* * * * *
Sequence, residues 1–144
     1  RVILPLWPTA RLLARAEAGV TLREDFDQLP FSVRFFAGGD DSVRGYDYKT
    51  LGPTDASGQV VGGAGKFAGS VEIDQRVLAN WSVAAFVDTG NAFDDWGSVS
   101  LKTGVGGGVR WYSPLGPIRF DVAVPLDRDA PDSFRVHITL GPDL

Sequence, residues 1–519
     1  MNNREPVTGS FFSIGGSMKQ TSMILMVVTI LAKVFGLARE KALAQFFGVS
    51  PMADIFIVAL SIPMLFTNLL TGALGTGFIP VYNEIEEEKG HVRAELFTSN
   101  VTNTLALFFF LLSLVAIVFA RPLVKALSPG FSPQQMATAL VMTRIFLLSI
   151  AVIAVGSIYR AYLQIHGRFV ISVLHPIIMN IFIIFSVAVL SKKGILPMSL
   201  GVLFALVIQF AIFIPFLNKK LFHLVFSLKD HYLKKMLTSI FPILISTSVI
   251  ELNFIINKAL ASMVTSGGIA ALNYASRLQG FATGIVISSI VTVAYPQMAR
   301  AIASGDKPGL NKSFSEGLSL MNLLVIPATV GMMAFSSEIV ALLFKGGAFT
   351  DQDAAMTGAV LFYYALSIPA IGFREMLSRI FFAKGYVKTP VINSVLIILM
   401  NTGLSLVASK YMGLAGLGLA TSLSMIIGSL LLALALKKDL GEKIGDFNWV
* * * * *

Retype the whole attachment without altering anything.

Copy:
Sequence, residues 1–144
     1  RVILPLWPTA RLLARAEAGV TLREDFDQLP FSVRFFAGGD DSVRGYDYKT
    51  LGPTDASGQV VGGAGKFAGS VEIDQRVLAN WSVAAFVDTG NAFDDWGSVS
   101  LKTGVGGGVR WYSPLGPIRF DVAVPLDRDA PDSFRVHITL GPDL

Sequence, residues 1–519
     1  MNNREPVTGS FFSIGGSMKQ TSMILMVVTI LAKVFGLARE KALAQFFGVS
    51  PMADIFIVAL SIPMLFTNLL TGALGTGFIP VYNEIEEEKG HVRAELFTSN
   101  VTNTLALFFF LLSLVAIVFA RPLVKALSPG FSPQQMATAL VMTRIFLLSI
   151  AVIAVGSIYR AYLQIHGRFV ISVLHPIIMN IFIIFSVAVL SKKGILPMSL
   201  GVLFALVIQF AIFIPFLNKK LFHLVFSLKD HYLKKMLTSI FPILISTSVI
   251  ELNFIINKAL ASMVTSGGIA ALNYASRLQG FATGIVISSI VTVAYPQMAR
   301  AIASGDKPGL NKSFSEGLSL MNLLVIPATV GMMAFSSEIV ALLFKGGAFT
   351  DQDAAMTGAV LFYYALSIPA IGFREMLSRI FFAKGYVKTP VINSVLIILM
   401  NTGLSLVASK YMGLAGLGLA TSLSMIIGSL LLALALKKDL GEKIGDFNWV